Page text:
Beastie Boys Licensed To Ill (30th Anniversary Edition)

    Def Jam Recordings
    • LP£23.00
      Out of stock
      • 1. Rhymin’ & Stealin’
      • 2. The New Style
      • 3. She’s Crafty
      • 4. Posse In Effect
      • 5. Slow Ride
      • 6. Girls
      • 7. Fight For Your Right
      • 8. No Sleep Till Brooklyn
      • 9. Paul Revere
      • 10. Hold It Now, Hit It
      • 11. Brass Monkey
      • 12. Slow And Low
      • 13. Time To Get Ill

      Blending rock, punk and rap, this debut from the Beastie Boys was the first number one album in hip hop history. A legendary album, including the hit "Fight For Your Right".

      Other Releases by Beastie Boys

      Beastie BoysThe In Sound From Way Out!Capitol Records

      Instrumental compilation from the Beastie Boys - Check it!

        Beastie BoysTo The 5 Boroughs Capitol Records (2004)

        All time classic hip hop from 2004 - ESSENTIAL!

          Other Releases on Def Jam Recordings

          Oran 'Juice' JonesJuice (1986)Def Jam Recordings
            • Original LP£7.99
              Vinyl condition: VG+Sleeve condition: VG+
              In stockAdd to Bag
            Kids See GhostsKids See GhostsDef Jam Recordings

            Debut album from American hip hop heads Kids See Ghosts, produced by Kid Cudi and Kanye West.

              • New LP £21.99
                In stockAdd to Bag
              • CD£11.99
                Out of stock
              Davy DHave You Seen Davy (1987)Def Jam Recordings

              Old skool rap

              Original 12"Vinyl VG+ /Sleeve VG+

              100% Guarantee on this and all Original Vinyl at Sounds Of The Universe - 'if you're not happy we're not happy' or your money back!

              • – Have You Seen Davy
              Public EnemyFear Of A Black PlanetDef Jam Recordings

              Public Enemy may have generated more heat than light ultimately, but their bold contentiousness makes this their most incendiary and acidic album. Producers The Bomb Squad and DJ Terminator X's relentless arsenal of samples and concussive backbeats, coupled with Chuck D's fiercely didactic raps frighteningly convey young black America's disaffection rising to boiling point, especially on "Brother's Gonna Work It Out" and "Fight The Power", featured in Spike Lee's equally troubling movie, Do Tha Right Thing.

                • CD£7.99
                  In stockAdd to Bag
                • New LP (180g) + Download Code£21.99
                  Out of stock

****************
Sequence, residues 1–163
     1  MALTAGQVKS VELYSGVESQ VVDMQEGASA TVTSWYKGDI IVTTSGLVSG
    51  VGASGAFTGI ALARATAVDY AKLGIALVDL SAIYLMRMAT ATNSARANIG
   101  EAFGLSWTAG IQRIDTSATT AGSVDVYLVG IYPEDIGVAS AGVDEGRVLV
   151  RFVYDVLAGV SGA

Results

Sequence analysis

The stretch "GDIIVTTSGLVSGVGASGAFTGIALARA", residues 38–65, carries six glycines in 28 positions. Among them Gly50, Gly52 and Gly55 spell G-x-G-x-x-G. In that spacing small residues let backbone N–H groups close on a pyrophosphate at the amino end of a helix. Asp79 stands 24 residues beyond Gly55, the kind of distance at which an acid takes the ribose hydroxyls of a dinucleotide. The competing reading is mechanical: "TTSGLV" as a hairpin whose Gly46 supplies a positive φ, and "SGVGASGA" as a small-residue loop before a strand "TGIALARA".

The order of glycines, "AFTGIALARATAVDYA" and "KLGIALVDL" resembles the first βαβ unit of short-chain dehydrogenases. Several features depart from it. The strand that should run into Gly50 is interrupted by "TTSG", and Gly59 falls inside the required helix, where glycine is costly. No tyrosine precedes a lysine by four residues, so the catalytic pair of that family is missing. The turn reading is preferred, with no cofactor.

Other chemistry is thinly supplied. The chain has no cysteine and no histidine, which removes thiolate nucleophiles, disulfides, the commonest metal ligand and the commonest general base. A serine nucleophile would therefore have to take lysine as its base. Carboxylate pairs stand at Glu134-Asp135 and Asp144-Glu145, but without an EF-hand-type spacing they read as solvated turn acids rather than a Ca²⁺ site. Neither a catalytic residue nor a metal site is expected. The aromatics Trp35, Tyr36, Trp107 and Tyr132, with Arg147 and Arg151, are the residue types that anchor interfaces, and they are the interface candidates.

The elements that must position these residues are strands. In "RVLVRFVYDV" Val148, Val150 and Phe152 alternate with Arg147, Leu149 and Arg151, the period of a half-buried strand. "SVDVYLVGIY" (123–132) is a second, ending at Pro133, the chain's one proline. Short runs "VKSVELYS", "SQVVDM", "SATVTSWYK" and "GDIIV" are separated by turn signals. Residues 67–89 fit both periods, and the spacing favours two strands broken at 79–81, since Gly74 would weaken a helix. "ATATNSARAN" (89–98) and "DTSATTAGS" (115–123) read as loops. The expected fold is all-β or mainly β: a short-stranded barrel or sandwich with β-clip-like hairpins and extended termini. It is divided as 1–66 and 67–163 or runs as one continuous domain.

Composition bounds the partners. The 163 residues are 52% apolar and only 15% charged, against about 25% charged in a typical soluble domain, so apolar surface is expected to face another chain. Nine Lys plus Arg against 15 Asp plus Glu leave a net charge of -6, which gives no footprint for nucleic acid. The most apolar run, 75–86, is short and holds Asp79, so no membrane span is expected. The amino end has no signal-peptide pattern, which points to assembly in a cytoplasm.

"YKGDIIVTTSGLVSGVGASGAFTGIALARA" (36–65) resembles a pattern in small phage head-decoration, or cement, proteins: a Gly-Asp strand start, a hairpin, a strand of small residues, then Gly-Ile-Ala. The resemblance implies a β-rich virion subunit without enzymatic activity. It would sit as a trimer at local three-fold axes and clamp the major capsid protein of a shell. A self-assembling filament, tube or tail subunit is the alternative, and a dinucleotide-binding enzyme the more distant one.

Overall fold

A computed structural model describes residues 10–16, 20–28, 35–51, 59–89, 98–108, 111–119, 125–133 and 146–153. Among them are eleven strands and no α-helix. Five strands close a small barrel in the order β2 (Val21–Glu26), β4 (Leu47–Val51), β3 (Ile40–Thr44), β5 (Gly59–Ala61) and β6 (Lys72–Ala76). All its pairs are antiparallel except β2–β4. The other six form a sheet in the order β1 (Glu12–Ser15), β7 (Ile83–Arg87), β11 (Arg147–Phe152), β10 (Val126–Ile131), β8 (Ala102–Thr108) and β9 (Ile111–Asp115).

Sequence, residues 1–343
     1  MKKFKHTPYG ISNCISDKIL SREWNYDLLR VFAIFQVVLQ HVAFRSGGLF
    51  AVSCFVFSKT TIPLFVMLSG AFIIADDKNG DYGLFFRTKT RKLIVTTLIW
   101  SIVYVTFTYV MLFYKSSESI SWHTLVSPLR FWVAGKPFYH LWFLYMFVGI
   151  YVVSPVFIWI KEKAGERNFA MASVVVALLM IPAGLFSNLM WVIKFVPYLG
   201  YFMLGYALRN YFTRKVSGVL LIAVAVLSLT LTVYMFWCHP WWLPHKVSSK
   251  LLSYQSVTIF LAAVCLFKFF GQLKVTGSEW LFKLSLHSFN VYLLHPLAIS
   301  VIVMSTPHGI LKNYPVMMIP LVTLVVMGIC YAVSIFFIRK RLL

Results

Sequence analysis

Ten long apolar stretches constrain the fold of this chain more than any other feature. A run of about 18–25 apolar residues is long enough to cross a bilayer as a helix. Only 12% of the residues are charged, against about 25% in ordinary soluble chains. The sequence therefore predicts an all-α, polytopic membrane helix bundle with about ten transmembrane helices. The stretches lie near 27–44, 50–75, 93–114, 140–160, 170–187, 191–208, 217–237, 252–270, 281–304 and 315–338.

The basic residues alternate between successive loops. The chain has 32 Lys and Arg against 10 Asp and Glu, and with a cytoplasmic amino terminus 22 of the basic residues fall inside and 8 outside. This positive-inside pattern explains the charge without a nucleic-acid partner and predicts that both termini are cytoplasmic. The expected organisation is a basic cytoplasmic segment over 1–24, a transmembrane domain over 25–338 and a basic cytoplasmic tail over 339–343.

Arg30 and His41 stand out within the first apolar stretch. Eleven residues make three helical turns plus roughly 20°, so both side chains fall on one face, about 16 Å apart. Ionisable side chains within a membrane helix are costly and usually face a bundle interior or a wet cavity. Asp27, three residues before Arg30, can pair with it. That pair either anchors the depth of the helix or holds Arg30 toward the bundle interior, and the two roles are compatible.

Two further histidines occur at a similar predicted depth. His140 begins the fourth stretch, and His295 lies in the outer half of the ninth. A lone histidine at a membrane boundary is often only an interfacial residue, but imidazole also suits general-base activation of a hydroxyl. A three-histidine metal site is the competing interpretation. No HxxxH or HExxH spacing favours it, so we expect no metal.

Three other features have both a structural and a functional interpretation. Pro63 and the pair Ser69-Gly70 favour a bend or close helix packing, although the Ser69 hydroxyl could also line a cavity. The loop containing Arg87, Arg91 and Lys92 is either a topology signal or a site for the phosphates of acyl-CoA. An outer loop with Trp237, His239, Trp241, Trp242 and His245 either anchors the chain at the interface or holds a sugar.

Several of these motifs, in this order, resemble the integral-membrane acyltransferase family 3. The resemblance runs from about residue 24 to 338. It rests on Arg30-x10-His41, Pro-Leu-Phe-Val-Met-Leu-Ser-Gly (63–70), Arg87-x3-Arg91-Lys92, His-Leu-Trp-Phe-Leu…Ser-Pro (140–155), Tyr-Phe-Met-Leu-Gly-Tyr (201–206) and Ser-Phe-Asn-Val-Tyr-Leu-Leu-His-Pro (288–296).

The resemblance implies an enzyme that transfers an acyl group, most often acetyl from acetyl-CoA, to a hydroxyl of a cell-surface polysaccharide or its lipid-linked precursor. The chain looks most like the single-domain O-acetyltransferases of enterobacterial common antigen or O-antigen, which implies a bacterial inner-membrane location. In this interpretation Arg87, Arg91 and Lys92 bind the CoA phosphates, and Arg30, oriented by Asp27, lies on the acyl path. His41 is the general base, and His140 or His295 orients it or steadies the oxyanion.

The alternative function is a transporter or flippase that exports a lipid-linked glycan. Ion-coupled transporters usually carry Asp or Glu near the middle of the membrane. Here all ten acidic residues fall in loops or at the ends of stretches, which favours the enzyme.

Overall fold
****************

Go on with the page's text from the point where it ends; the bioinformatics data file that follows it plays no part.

People also bought

                Alessandro AlessandroniLa Professoressa Di Scienze Naturali (OST)Sonor Music Editions

                **Previously unreleased - very limited copies available!**

                Soundtrack to the cult erotic movie from 1976, 'La Professoressa Di Scienze Naturali'. This incredible score by Italian library music legend, Alessandro Alessandroni, captures the composer's use of funk juxtaposed against gorgeous string and orchestral arrangements - check some of the awesome b-boy style breaks! Essential issue!

                • – La Prof.di Scienze Naturali - Seq. 1
                • – La Prof.di Scienze Naturali - Seq. 5
                • – La Prof.di Scienze Naturali - Seq. 10
                • 1. – La Prof.di Scienze Naturali - Seq. 1
                • 5. – La Prof.di Scienze Naturali - Seq. 5
                • 10. – La Prof.di Scienze Naturali - Seq. 10
                • View full info and tracklisting
                • LP£36.00
                  Limited deluxe vinyl release housed in tip-on sleeve!
                  In stockAdd to Bag
                Giuliano SorginiOccultoFour Flies Records

                **Deep, esoteric soundtracks with heavy, b-boy style breaks and bad trip electronics from the 70s - Cherrystones fans check!**

                Four Flies Records returns with this ESSENTIAL release from the archives of composer Giuliano Sorgini. 'Occulto' unearths some of his darkest, eeriest and funkiest music that were composed in the mid-70s for some of the most infamous, low-budget horror movies ever made in Italy such as his scores for video nasty shocker 'The Beast in Heat' and the zombie classic 'The Living Dead At Manchester Morgue'!

                • – Nella Foresta
                • – Messa Nera
                • – Telecinesi
                • – Sabbath
                • – Talismano
                • – Ombre Minacciose
                • – Nella Nebbia
                • – Catacombe
                • – Oscuri Presagi
                Soul of a Nation 2Soul Jazz Records

                Soul Jazz Records’ new release ‘Soul of A Nation: Jazz is the Teacher, Funk is the Preacher’ is a powerful new collection of radical jazz, street funk and proto-rap made in the era of Black Power (1969-75).